The Fed’s reverse repo facility reached $2.554 trillion, according to Reuters

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© Reuters. FILE PHOTO: The Federal Reserve Building is seen on January 26, 2022 in Washington, U.S. REUTERS/Joshua Roberts/File Photo

Michael S. By Derby

NEW YORK (Reuters) – A key facility used by the Federal Reserve to control short-term interest rates saw record inflows on Friday, the final trading day of the year.

The New York Fed said its reverse repo facility drew $2.554 trillion from money market funds and other qualified financial institutions, better than the previous high-water mark seen on Sept. 30 when total inflows were $2.426 trillion.

Cash surges are likely to pick up further at the end of the year, in a typical quarter-end pattern. On those dates, for various reasons, many financial institutions preferred to park their money in the central bank rather than in the private markets.

The central bank’s reverse repo facility has been very active for some time. After seeing almost no hikes for a long time, money began to gravitate toward the Fed in the spring of 2021 and has continued to grow since then. Daily reverse repo usage has topped $2 trillion since June.

A reverse repo facility is a de facto loan from the central bank to eligible financial institutions in cash. The current rate stands at 4.3%, which is often the best return on private sector short-term loan rates.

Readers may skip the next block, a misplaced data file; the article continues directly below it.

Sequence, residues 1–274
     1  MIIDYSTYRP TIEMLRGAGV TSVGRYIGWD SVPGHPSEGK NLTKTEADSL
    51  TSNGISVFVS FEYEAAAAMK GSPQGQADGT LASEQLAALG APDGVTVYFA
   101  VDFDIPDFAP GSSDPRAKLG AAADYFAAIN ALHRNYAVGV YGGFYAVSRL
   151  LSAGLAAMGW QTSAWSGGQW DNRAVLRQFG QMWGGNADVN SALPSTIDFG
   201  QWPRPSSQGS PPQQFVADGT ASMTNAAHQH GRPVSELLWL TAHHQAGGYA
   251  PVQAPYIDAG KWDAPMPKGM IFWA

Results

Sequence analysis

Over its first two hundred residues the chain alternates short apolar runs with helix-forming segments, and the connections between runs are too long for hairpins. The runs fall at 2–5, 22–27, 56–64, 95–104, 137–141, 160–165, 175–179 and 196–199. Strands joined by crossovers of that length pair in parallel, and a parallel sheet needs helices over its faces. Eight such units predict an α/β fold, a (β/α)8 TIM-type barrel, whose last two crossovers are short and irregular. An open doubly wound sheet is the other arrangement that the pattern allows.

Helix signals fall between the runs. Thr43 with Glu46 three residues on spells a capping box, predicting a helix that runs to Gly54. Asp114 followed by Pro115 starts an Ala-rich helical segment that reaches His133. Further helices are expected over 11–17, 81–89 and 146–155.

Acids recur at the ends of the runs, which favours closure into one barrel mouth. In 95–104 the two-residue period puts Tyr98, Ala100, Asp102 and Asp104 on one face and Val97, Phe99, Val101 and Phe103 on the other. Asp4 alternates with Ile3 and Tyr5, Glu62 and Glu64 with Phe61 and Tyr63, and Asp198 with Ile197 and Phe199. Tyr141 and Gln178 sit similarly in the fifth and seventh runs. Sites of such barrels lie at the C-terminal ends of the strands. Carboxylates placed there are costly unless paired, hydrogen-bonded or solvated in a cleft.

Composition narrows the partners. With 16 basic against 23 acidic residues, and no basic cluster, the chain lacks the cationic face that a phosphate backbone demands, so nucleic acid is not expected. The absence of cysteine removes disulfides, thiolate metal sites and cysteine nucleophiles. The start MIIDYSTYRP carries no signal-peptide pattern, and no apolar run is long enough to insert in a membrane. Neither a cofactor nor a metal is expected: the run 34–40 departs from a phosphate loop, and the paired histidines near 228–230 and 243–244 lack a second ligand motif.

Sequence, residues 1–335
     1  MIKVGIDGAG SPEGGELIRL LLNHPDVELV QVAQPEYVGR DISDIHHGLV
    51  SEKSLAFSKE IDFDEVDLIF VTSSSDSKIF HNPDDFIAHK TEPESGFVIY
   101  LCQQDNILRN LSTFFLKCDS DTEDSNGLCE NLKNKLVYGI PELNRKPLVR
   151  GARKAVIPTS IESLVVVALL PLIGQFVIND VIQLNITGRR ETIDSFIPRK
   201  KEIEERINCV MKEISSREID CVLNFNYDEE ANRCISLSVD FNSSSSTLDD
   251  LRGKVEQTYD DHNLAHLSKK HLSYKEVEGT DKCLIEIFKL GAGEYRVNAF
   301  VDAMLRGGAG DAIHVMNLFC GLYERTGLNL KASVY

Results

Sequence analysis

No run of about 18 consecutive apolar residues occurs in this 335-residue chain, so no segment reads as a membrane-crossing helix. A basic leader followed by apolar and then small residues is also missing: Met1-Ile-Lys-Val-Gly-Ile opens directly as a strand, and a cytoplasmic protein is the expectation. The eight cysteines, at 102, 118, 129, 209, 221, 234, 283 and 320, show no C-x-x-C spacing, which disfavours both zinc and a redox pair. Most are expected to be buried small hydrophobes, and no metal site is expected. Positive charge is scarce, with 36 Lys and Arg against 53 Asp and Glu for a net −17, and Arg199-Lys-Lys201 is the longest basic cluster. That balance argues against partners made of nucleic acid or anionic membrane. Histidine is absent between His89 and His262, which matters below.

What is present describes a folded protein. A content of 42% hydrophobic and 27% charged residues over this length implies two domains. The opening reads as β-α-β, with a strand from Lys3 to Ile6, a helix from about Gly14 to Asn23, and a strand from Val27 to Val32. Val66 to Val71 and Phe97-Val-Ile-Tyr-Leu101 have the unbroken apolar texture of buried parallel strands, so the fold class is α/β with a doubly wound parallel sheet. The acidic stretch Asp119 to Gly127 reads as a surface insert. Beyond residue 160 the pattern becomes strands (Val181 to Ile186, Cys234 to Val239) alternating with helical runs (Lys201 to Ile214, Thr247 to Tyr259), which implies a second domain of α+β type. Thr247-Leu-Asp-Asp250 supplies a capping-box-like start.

The reverse repo facility is designed to provide a soft floor for short-term rates and the federal funds target rate, which achieves the central bank’s main tool of employment and inflation mandates. To set the upper end of the range, the central bank pays deposits to banks to park money in the central bank, and the interest rate on reserve balances is now 4.4%.

The federal funds rate is currently set between 4.25% and 4.5% and was trading at 4.33% as of Friday, tied between the reverse repo and interest on reserve balance rates.

No signs of shrinkage

Despite the massive use of reverse repositories, central bank officials are unconcerned about continued large inflows, and some in financial markets worry about the prospect of the Fed taking the life out of borrowing and lending in the private money market.

Central bank officials expect the use of the reverse repo facility to decline as the central bank raises its interest rates in an effort to curb hyperinflation. But that hasn’t happened yet, and some in the markets now believe continued high use of the Fed facility will be in place for some time to come.

Research by the New York Fed has suggested that bank regulatory issues are keeping demand high for the Fed’s reverse repo instrument. Meanwhile, the Kansas City Fed added that large inflows are tied to limited private market investment opportunities and policy uncertainty.

Strong cash inflows to the central bank may not have alarmed central bankers, but it has put their operations at a practical disadvantage. A central bank is financed by interest on securities it owns and services it provides to the financial community. Usually it makes a significant profit and returns to the exchequer as per law.

Now, the cost of paying interest on reverse repos and reserve balances is higher than the income. The Fed said on Thursday that as of Dec. 28, the accounting measure it uses to track losses was $18 billion. Many observers expect the Fed to raise rates further and maintain them at high levels would result in substantial losses for the Fed over time, even if those losses do not affect the Fed’s monetary policy work.


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